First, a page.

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Analysts Watch For Impacts Of European Economic Weakness On U.S.

A new BMW X4 vehicle is unveiled during a March 2014 news conference at the BMW manufacturing plant in Greer, S.C.
Chuck Burton
A new BMW X4 vehicle is unveiled during a March 2014 news conference at the BMW manufacturing plant in Greer, S.C.

With the European economy barely growing, leaders there are worried about deflation. To boost growth and stabilize prices, the European Central Bank is expected to take a bold step at its Thursday meeting.

It would start buying up government bonds on a huge scale — just as the Federal Reserve did here beginning in 2007. The hope is that it would pump enough cash into the economy to get it moving.

This effort, known as quantitative easing, would impact the U.S. economy, too — especially in the Southeast.

Interstate 85 from Spartanburg, S.C., to Atlanta has a German nickname, says Christoph Sander, who represents the country as a consul in six Southern states: "We have come to call this the Autobahn, because that's the focus of German investment to the region. ... Two hundred and fifty companies around the Atlanta metro region, about 200 companies in the Charlotte region, and then we have 130 or so between Spartanburg and Greenville."

German car brands like BMW, Volkswagen and Porsche have brought thousands of jobs to the region. Last week, Georgia Gov. Nathan Deal used his "state of the state" address to thank Mercedes for moving its headquarters from New Jersey to Atlanta.

"The Mercedes-Benz slogan is, 'the best or nothing,' " Deal said. "The company that accepts nothing but the best chose Georgia. I'll take that!"

Mercedes also got more than $23 million in tax incentives to come to Atlanta.

Germans aren't the only ones bringing jobs to the South — plenty of French, British, Dutch and Irish firms have a strong presence there. That's why the region should pay attention to what happens in Europe, says Jeff Rosensweig, who teaches international business at Emory University.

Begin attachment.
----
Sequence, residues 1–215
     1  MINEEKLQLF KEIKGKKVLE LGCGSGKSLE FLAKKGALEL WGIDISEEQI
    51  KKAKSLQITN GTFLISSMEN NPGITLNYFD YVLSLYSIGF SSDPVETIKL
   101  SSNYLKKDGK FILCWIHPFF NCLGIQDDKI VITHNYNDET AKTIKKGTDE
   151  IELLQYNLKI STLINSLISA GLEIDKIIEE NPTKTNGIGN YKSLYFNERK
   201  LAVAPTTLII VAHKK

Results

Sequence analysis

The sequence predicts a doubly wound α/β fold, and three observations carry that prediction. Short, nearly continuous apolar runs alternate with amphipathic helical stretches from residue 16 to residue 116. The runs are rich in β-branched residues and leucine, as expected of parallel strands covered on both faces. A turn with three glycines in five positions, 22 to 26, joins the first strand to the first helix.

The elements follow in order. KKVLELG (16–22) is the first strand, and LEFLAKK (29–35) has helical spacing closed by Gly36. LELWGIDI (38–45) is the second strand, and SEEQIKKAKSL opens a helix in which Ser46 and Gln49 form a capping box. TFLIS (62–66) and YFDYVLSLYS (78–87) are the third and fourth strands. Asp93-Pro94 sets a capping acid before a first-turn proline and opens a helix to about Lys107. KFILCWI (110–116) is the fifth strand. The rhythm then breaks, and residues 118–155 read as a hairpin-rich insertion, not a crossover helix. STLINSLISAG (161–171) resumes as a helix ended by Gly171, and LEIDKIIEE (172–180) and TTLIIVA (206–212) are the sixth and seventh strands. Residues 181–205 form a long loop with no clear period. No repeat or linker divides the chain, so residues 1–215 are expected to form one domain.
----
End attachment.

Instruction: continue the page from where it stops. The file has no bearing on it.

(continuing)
"In America, we forget how close our ties are," he says.

European firms bring investment to the U.S., which could dry up if Europe's economy does poorly; Rosensweig also points out that U.S. companies get big profits from European subsidiaries. He says, there is "accumulating fear that Europe — one of the great potential engines of the world economy — is an engine that's stuttering."

The euro has already taken a hit against the dollar, making it more expensive for Europeans to travel. That could hurt another big European connection to the South — Florida tourism.

Many Europeans visit Disney World. Naples is very popular too — Europeans, drawn to its beautiful beaches, pumped $216 million into the local economy last year. JoNell Mody is with the convention and visitors bureau there.

"Well, they come and they stay longer, and they typically spend more money than a U.S. visitor," Mody says. "And they also like to come when they have the bulk of their vacation time, which is the summer, which is our slower season. So they're a very, very important part of helping us stabilize our tourism economy."

Economists like Rosensweig want the European Central Bank to pull out all the stops — much like the Fed did during the U.S. recession — and help stabilize European markets.

"When Europe does well, we do well," Rosensweig says. "And the reverse is true also. I don't want either of us to sneeze, because the other one might catch cold."

The ECB will meet Thursday to decide on a policy to help Europe's economy fight off a recession.

Copyright 2021 NPR. To see more, visit https://www.npr.org.

Susanna Capelouto